Ethan Allen House Closed After Burlington Realizes Original Builder Did Not File Proper Permits

BURLINGTON – A popular and historic building has been temporarily closed this week as the city of Burlington asks the Ethan Allen Homestead to file the proper building permits for what is now the Ethan Allen Homestead Museum. The structure, which was once the home of Ethan Allen, was built in 1787 by Ethan Allen himself, but city officials say this is no excuse for not filing correctly with the proper authorities.

“It’s stunning that we’ve let this home be grandfathered in for so long,” said permitting official Noah Shepsons. “This place is not only full of code violations, but we can’t find any record of Mr. Allen submitting paperwork for the original construction. The current owners are going to have to get their ducks in a row if they want to continue to use what is clearly an illegal facility.”

The Ethan Allen Homestead Museum is a private, not-for-profit organization that is not affiliated with the city of Burlington itself, although the two entities have generally been supportive of each other. Homestead representatives say they are surprised at the sudden desire for paperwork from the permitting office.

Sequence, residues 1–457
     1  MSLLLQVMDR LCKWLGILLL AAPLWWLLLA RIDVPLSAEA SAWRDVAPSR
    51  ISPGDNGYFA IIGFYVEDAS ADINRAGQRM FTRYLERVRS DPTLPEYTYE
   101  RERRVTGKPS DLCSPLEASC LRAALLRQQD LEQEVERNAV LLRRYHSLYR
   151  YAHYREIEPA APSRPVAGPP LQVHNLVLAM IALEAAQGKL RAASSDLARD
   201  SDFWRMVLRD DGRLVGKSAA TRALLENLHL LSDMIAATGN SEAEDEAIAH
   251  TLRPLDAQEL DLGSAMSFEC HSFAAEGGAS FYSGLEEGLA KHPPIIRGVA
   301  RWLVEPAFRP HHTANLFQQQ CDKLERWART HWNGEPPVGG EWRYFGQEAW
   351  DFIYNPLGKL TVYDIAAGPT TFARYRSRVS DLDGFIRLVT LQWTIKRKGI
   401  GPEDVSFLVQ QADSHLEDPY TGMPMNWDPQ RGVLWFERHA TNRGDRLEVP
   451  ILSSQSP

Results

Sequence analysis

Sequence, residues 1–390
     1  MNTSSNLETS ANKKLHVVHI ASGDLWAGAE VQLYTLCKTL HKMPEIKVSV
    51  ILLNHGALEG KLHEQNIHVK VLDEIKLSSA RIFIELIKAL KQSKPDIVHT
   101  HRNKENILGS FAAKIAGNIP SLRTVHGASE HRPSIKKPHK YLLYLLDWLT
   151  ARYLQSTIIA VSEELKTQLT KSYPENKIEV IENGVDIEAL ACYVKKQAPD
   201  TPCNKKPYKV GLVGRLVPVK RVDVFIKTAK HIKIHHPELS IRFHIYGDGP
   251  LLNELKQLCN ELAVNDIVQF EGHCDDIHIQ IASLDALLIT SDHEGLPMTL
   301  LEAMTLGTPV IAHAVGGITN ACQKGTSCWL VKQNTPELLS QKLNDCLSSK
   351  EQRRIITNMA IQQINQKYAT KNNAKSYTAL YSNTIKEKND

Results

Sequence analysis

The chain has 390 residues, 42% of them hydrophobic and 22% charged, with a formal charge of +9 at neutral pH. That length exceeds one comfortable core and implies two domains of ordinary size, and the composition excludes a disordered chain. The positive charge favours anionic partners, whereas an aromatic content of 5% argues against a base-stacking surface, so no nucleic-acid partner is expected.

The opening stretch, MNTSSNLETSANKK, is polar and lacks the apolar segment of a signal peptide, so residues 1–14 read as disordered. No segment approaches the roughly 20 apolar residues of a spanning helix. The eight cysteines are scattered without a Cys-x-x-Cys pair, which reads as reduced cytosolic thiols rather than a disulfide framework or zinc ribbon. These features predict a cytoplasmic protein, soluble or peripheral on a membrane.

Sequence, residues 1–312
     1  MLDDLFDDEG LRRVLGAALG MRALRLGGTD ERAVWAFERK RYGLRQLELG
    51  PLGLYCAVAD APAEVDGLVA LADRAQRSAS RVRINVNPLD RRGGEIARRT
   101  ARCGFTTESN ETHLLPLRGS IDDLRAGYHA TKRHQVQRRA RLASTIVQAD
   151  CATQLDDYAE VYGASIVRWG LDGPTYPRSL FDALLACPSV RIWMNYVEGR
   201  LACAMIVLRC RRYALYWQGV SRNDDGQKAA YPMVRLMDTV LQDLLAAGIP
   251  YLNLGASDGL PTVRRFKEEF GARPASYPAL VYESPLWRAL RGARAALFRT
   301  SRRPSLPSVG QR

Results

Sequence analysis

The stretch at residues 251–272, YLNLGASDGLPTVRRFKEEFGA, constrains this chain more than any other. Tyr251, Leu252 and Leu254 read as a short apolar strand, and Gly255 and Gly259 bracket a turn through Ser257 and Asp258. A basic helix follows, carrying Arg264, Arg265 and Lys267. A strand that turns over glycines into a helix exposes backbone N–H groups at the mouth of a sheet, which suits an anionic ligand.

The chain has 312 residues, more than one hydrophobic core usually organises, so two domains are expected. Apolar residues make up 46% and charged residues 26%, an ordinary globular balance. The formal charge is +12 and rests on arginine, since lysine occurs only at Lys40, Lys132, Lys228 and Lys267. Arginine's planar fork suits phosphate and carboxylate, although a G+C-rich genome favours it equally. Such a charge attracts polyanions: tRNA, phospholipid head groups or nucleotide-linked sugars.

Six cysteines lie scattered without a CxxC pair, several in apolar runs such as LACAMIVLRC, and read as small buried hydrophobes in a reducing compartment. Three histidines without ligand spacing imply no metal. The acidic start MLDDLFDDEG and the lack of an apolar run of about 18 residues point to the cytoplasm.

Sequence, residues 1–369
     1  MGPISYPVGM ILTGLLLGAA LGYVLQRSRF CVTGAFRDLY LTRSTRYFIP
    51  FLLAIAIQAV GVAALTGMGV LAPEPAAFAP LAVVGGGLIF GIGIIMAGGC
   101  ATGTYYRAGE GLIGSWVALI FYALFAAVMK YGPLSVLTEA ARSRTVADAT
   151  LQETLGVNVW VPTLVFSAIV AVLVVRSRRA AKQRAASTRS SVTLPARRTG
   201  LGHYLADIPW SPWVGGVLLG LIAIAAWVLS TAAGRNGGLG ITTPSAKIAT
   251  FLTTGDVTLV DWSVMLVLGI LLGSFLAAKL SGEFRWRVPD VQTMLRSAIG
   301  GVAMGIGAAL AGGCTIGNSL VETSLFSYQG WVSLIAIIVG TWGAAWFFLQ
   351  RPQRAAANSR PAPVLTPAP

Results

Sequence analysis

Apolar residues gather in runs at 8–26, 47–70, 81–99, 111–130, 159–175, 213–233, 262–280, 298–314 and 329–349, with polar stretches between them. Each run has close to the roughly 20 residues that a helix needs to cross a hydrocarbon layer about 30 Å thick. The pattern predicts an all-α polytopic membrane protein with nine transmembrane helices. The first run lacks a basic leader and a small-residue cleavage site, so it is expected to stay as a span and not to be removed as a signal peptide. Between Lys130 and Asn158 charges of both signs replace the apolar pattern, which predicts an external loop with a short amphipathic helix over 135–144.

“This building has been here for almost 250 years,” said Arya Kidden, who volunteers for the museum. “Vermont didn’t even exist as a state when it was built. Who was he supposed to have filed the paperwork with? Nobody was getting permits back then! It’s just ridiculous.”

“True,” admitted Shepsons, “most buildings didn’t get the proper permits back in the late 1700s. But those buildings had the good sense to fall down a long time ago. If Mr. Allen had wanted his house to stay up for this long, he should have gotten the permits to do so. We take these sorts of things very seriously around here.”

The house will be allowed to open again once the permitting process is complete, which should take no more than six years now that Shepsons has agreed to expedite the process.

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